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Breast Cancer. 2014 Feb 9. [Epub ahead of print]

Evaluating 17 breast cancer susceptibility loci in the Nashville breast health study.

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  • 1Division of Epidemiology, Department of Medicine, Vanderbilt Epidemiology Center Vanderbilt-Ingram Cancer Center, Vanderbilt University School of Medicine, 2525 West End Avenue, 8th Floor, Nashville, TN, 37203-1738, USA.



Genome-wide association studies have discovered multiple genetic loci associated with breast cancer risk. Investigating these loci would be helpful to evaluate previous findings and identify causal variants for breast cancer. We evaluated index SNPs in 17 of these loci in a study of 1,511 cases and 1,454 controls of European descent.


We investigated the overall association with breast cancer and among subtypes defined as ER+ (estrogen receptor positive), ER- (estrogen receptor negative) and triple-negative breast cancer (TNBC). Combined effects of SNPs on breast cancer risk were assessed via a genetic risk score. We evaluated the contribution of both genetic variants and traditional risk factors to a breast cancer risk assessment model.


Five of the 17 SNPs were significantly associated (P ≤ 0.05) with overall breast cancer in the same direction as previously reported: rs13387042 (2q35/TNP1), rs4973768 (3p24/SLC4A7), rs2046210 (6q25/ESR1), rs1219648 (10q26/FGFR2), and rs4784227 (16q12/TOX3). When stratified by breast cancer subtype, all five SNPs were associated (P < 0.05) with ER+ cancer, three with ER- cancer (rs13387042, rs1219648, and rs4784227), and one with TNBC (rs1219648). A GRS, based on those five significant SNPs, showed strong association with overall breast cancer with ORs (95 % CI) of 1.48 (1.22-1.79), 1.85 (1.52-2.25) and 2.26 (1.82-2.80), respectively, for each quartile, (P = 2.0 × 10-15). Traditional risk factors, including previous benign breast disease, breast cancer family history and parity, were significantly associated with breast cancer risk in the present study. These factors, together with the GRS, were used to build a breast cancer risk assessment model with a c statistic of 0.6321 from receiver operating characteristic analysis. The contribution of the GRS to the model was greater than prior benign breast disease, family history and parity with the c statistic change of 0.0374, 0.0324, 0.0103, 0.0012, respectively.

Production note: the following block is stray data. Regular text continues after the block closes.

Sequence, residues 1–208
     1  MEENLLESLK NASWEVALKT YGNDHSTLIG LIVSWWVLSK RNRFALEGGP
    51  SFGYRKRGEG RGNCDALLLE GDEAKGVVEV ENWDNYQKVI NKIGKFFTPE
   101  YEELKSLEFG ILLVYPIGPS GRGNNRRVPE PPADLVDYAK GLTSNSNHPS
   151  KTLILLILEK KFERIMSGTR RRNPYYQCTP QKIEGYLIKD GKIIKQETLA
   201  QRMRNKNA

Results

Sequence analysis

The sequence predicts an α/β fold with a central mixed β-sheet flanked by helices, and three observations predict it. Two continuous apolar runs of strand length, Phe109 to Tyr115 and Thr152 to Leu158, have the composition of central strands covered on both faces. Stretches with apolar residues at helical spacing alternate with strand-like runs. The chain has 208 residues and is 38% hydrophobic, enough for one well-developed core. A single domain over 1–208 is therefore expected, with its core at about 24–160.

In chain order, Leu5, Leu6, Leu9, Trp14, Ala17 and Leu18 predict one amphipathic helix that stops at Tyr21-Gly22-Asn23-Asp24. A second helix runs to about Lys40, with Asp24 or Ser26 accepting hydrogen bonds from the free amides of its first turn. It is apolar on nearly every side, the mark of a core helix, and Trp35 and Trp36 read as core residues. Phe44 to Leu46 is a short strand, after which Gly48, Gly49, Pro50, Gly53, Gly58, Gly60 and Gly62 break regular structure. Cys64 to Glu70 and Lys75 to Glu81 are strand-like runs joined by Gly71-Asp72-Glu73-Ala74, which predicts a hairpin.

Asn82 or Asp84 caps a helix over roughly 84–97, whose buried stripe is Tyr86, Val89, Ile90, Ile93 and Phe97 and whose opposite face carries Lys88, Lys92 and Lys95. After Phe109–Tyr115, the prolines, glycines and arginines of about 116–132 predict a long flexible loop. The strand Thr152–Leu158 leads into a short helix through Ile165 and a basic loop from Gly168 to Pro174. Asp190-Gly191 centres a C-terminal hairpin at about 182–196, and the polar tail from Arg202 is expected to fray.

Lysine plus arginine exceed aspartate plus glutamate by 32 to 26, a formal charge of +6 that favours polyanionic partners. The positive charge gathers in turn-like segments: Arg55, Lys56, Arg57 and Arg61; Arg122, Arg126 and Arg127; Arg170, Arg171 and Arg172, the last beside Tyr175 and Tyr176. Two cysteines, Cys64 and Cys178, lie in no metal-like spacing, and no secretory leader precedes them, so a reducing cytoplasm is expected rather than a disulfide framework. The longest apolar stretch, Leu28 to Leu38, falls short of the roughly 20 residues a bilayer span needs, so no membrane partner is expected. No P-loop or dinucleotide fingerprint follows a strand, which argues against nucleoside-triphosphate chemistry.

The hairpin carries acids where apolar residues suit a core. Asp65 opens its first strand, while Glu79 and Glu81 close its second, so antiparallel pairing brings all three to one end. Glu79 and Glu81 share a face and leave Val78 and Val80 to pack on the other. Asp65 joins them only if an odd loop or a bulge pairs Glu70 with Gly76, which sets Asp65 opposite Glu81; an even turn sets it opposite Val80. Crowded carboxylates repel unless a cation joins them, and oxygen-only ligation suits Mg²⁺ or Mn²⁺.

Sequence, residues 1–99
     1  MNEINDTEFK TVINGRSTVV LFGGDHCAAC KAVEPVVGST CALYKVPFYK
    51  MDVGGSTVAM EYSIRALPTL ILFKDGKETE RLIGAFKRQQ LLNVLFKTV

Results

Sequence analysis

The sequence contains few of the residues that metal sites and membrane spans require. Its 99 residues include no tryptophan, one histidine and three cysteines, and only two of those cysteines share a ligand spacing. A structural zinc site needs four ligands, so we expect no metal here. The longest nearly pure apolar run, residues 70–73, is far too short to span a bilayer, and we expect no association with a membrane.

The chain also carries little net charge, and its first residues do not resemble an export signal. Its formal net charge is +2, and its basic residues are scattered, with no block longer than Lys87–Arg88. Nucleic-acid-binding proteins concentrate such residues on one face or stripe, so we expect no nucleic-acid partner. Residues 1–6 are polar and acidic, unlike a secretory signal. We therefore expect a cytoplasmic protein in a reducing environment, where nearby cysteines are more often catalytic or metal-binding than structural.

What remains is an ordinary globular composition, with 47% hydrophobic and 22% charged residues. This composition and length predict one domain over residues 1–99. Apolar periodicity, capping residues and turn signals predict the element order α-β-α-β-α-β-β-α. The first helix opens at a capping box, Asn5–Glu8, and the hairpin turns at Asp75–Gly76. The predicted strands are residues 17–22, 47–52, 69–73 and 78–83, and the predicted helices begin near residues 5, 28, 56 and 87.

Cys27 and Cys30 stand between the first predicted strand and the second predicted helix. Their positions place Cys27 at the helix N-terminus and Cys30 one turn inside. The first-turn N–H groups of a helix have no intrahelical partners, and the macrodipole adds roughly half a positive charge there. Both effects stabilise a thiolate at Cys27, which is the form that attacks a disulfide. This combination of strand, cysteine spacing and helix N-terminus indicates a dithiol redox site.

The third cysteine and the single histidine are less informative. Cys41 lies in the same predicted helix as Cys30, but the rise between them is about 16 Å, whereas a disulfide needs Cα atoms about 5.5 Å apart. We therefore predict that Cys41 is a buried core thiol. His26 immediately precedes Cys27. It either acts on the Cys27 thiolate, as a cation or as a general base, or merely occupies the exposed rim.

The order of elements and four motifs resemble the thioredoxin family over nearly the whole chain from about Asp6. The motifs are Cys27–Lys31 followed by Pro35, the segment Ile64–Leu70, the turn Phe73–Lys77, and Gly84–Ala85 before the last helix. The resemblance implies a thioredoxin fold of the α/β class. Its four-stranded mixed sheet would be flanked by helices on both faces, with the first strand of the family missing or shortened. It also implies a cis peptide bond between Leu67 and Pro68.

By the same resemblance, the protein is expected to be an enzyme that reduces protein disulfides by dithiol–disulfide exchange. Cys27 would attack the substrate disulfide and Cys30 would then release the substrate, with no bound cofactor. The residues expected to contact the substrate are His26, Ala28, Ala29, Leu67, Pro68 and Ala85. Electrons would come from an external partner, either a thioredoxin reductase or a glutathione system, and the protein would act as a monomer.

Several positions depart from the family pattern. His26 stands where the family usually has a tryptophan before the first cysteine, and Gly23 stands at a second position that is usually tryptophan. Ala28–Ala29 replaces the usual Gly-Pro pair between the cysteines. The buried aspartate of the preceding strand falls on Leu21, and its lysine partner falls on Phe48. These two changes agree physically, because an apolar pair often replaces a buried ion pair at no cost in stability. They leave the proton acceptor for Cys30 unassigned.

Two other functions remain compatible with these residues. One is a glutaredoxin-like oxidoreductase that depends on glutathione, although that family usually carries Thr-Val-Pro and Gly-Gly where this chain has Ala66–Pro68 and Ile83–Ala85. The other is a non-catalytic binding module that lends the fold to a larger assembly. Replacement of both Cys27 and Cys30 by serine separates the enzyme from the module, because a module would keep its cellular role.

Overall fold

Our study demonstrates that five SNPs were associated with overall breast cancer, with stronger association for ER+ than ER- cancer as previously reported, and suggests that a risk assessment model incorporating the GRS from five loci is useful in identifying women at high risk of breast cancer.

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[Available on 2015/8/9]
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